FOX31: Mrs. Romney, thank you for joining us and taking some time. I know you're doing a lot of these interviews around the country. They make a lot about spouses, candidates' spouses, wives, and whether or not they like the actual grind of the campaign, doing satellite interviews, going to events. Are you having fun at this point?

ANN: I am. I know we were joking around before the interview started, so yes, I'm having fun.

FOX31: I know there are good days on the campaign trail and tough days on the campaign trail. I know the last news cycle, the last 24 hours, has been tough. All the news focused mostly on this video of Mitt's comments at that fundraiser. What do you want to say to Americans about those comments?      

ANN: Well, you know, I've been on, obviously, on the trail a long time with Mitt, and if you listen to the whole context of what Mitt talks about, he is talking about what's happening right now in America, and how more and more people are falling into poverty, more in particular women are falling into poverty, and so there is a concern on his part, which is why he's running is that he wants to make sure to bring better economic opportunities for everyone. And, you know, I know the guy, I know him really well, I know he cares, and that's why we're running. So it's unfortunate when something gets misinterpreted like this or gets taken out of context, 'cause if you really do listen to everything that he does say, he's talking about what we're facing in America right now. We're facing some really difficult situations, and if we don't take corrective measures soon, that more and more people will become dependent on government, and that is not what he wants. He wants to have more economic opportunity for people, he wants to have better jobs for people, he does not want to have more people be more dependent on government.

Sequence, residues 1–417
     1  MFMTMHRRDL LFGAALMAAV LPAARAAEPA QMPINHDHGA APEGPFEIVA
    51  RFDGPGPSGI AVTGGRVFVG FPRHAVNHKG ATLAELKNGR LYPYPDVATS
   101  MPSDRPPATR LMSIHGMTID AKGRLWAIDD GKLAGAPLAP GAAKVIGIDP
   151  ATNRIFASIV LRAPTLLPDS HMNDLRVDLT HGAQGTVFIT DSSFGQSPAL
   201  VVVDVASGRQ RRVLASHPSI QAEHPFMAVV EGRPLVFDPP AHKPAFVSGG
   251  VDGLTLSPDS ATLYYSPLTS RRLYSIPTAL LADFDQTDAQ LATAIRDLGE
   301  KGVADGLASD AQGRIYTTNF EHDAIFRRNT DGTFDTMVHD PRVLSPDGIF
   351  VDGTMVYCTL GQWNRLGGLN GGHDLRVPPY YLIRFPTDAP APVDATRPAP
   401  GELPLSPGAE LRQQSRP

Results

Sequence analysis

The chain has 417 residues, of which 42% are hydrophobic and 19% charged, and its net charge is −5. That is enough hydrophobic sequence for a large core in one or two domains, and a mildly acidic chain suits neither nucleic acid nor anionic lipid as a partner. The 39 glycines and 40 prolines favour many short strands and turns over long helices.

FOX31: So he wasn't expressing any disdain for people who are poor or who are on entitlement programs at this point?

ANN: Oh, absolutely not. Absolutely not. There's—totally not so.

FOX31: You know all about the importance of the of the women's vote across the country and obviously in swing states like Colorado. When we go to "Women for Mitt" events and we hear you speak, you talk a lot about the economic argument, that women are just not doing well under the Obama economy. Talk about that and the new ad that's out today, obviously focused on—Dear Daughter, the ad is called. What's the message for women voters?

FOX31: Well, you know, the truth of the matter is that this economy has been tough on many, many Americans, but unfortunately, it has hit women harder, more women are falling into poverty, more women have become unemployed in the last four years than men. And so for what I am seeing when I'm out there is that I see a lot of women coming to our events, and they're all coming to me—I have a lot of time to talk to some of these women, and they are coming with—hoping that Gov. Romney will have something that will give them some answers to make sure that they know that they will have more job security.

There are a lot of frightened people out there. Even ones that have a job are frightened. And they are looking for certainty, and they are looking for someone to say, "I know. I have some answers for you." And the things I know is that Mitt has had, as people know, he's been successful in business, but what he learned from doing that success are the key things that he understands the economy, he understands job creation, he understands what's missing in this economy right now, he understands it's been a jobless recovery and he, I can't wait either, for him to get the keys to that engine, that economic engine to get things going again in this nation so that people will have more certainty and make sure that they can have a brighter future. You know, there's so many Americans that are frightened right now.